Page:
The beginning of Operation Barbarossa showed that the early German tanks had weaker armour than anticipated. Some were even vulnerable to large caliber DShK machine guns. Pre-war models of 76 mm divisional guns penetrated German vehicles with ease, but almost all these guns were lost or destroyed.

Some were later used against Soviet forces as Panzerj├Ąger self-propelled guns, built on captured or obsolete chassis.  Kulik ordered that mass production of 76.2 mm divisional field F-22 USV guns be relaunched. Grabin and the head staff of Artillery Factory No. 92 decided to organize the mass production of ZiS-3 guns instead of F-22 USVs. They succeeded, but ZiS-3 was not officially tested and adopted for Red Army service.

The Red Army was in urgent need of these guns, the guns themselves were fine and numerous due to improved production technology, but all of them were held  in stock at Artillery Factory No. 92, since the military representatives refused to receive non-official guns. After some internal struggle between Grabin's team and military representatives, ZiS-3 guns were finally transferred to the Red Army under personal responsibility of Grabin and Artillery Factory No. 92 head staff.


Combat experience showed the superiority of ZiS-3 over all other types of divisional level field guns. This allowed the ZiS-3 to be presented to a group of state authorities headed by Joseph Stalin and thus obtain all needed approval. After the demonstration was over Stalin said: "This gun is a masterpiece of artillery systems design." There was a five-day official state test run in February 1942. The result of this test was quite clear - ZiS-3 was adopted by the Red Army as Divisional field gun model 1942 .

Grabin and his team soon begun to improve on the technology used in the ZiS-3 mass production. Artillery Factory No. 92 was equipped by conveyor assembly lines, which allowed the factory to produce ZiS-3 in even greater numbers. The young men who worked on Artillery Factory No. 92 were exempt from conscription. By the end of World War II, ZiS-3 was the most numerous Soviet Army field gun. The total number of ZiS-3s produced exceeded 103,000 pieces. The Finns captured 12 units, and designated them 76 K 42.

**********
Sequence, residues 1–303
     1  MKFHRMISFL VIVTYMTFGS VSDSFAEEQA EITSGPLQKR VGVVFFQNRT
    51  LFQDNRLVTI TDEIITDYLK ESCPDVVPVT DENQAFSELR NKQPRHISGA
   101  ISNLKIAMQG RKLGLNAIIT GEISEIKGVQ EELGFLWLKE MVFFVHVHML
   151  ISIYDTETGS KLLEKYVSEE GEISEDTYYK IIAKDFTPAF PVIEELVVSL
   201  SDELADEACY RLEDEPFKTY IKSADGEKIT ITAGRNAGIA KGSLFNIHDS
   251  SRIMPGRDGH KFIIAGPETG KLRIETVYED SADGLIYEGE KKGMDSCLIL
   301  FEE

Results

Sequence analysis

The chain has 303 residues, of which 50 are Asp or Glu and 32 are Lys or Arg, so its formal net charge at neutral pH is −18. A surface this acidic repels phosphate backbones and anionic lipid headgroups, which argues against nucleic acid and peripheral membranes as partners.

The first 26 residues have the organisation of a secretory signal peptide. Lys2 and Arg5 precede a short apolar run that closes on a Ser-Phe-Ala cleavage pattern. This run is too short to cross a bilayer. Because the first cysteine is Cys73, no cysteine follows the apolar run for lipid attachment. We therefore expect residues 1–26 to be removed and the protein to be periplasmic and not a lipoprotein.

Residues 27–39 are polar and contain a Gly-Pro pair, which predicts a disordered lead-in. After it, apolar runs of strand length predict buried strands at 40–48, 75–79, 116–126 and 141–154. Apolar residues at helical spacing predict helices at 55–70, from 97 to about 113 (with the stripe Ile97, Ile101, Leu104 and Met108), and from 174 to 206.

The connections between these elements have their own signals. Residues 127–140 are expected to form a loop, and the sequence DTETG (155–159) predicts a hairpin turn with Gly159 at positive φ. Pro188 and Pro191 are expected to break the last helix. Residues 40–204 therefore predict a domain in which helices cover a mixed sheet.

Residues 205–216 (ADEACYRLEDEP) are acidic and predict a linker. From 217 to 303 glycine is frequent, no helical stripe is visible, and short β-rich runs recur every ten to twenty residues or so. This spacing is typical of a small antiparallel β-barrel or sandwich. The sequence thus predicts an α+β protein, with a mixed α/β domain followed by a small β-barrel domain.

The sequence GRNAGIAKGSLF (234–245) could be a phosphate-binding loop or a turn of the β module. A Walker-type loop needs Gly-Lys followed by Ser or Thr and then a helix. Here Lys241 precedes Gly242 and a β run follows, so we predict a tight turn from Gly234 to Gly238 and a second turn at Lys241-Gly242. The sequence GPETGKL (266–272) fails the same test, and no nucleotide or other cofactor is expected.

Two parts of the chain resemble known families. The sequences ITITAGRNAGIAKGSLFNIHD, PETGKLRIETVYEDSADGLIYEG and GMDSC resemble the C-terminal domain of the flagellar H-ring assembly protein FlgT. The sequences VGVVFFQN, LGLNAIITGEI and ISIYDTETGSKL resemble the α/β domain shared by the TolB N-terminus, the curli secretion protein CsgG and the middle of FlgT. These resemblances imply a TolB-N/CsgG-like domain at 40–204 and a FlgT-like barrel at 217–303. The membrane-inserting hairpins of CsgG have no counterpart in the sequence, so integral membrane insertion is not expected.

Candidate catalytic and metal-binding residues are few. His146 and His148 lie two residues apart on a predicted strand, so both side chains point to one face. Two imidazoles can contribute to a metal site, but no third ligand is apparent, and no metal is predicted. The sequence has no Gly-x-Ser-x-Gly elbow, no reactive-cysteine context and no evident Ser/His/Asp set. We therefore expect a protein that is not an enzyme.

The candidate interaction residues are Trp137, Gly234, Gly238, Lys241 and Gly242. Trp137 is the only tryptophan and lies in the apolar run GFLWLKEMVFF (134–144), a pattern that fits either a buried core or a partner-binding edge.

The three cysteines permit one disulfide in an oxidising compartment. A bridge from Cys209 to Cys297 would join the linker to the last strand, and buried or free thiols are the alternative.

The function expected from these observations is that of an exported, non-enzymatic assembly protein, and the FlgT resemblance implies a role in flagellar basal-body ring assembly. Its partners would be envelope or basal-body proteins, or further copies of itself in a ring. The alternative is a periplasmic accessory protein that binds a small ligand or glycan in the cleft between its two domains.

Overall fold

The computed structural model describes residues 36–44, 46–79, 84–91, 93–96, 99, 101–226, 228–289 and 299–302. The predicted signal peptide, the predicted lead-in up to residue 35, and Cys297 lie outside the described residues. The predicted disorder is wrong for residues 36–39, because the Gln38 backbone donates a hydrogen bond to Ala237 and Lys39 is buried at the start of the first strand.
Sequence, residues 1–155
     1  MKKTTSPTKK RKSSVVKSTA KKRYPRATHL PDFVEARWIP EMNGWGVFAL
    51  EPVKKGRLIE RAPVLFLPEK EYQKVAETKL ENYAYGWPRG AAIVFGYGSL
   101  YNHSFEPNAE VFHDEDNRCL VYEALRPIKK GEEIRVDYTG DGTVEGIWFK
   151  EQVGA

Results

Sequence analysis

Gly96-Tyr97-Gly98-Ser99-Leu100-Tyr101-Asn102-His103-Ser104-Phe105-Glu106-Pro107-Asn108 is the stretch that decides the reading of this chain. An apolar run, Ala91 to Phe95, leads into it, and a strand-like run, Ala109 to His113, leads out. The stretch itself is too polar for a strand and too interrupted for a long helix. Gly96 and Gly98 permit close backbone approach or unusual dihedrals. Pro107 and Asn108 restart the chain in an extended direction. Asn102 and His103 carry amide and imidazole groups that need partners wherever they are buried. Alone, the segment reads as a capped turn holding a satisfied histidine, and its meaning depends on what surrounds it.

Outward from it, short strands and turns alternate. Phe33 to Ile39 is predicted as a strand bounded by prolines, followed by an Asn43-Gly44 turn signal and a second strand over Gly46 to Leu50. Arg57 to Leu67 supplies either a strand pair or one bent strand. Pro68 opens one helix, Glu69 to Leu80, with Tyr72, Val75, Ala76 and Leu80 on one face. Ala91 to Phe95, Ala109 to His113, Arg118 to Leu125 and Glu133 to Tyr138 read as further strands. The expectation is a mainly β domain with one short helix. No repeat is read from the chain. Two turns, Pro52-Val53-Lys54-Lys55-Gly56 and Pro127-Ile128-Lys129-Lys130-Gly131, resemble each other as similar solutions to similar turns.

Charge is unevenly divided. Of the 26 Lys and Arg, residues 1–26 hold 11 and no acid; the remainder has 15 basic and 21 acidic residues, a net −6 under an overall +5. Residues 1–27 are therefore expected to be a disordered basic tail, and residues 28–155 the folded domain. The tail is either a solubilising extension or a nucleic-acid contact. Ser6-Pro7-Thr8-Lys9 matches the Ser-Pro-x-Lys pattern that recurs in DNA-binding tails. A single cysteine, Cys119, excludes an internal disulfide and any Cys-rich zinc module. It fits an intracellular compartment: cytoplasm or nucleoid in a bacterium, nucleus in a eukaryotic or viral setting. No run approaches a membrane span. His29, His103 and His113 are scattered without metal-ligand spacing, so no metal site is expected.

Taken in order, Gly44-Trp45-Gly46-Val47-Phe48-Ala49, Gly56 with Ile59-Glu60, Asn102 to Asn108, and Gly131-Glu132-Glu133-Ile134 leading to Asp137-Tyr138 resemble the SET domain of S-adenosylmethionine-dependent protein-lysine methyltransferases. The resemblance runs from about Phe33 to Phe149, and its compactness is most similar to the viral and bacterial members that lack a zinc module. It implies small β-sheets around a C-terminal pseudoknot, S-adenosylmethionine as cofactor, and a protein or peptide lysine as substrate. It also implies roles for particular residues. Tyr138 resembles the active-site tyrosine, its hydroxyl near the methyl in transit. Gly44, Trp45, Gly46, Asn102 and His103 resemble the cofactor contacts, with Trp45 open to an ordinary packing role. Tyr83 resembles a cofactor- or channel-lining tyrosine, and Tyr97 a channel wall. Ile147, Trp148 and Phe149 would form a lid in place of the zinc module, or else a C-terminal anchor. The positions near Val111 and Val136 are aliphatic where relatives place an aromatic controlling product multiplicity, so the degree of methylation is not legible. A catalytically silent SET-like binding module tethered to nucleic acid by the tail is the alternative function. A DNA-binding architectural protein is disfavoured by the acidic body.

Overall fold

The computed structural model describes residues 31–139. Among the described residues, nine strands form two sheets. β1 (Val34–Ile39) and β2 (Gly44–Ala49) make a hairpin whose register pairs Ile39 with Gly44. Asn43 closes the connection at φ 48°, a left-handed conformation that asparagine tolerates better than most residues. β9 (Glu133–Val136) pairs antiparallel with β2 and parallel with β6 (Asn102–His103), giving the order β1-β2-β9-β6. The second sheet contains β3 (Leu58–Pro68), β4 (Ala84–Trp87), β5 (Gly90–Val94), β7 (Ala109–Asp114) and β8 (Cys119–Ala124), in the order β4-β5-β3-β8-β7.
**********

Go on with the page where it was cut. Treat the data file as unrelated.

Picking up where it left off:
After the war ZiS-3 mass production ceased. It was replaced by the next model of divisional field gun, D-44, which had a larger caliber (85 mm) and better anti-armour capabilities. But it weighed much more and its mobility was thus inferior to that of the ZiS-3.



Combat history
Soviet soldiers liked ZiS-3 guns for their extreme reliability, durability, and accuracy. It was easy to maintain these guns and train novice crews with them. Light carriage allowed the ZiS-3 to be towed by trucks and heavy jeeps (such as the American lend-leased Dodge 3/4) or even hauled by the crew.

ZiS-3 had good anti-armour capabilities, it could knock out any German light and medium tank with its armour-piercing round. The appearance of the Tiger I and later the Panther, however, made the lives of ZiS-3 crews much harder, for their frontal armour was immune except for some small ballistic windows.

A battery of ZiS-3 consisted of four guns, with three batteries combined into a division, or battalion. Independent anti-tank regiments consisted of six batteries with no divisions. In addition to the gun batteries there was a staff battery which included a fire control section.

The ZiS-3 saw combat service with North Korean forces during the Korean War (1950-1953).

During the Cold War many ZiS-3s were transferred to different Soviet allies, and often resold to Third World countries. Armies of several African and Asian countries still have ZiS-3s in active service today. Moreover, these guns are still used in combat during numerous local conflicts and border skirmishes.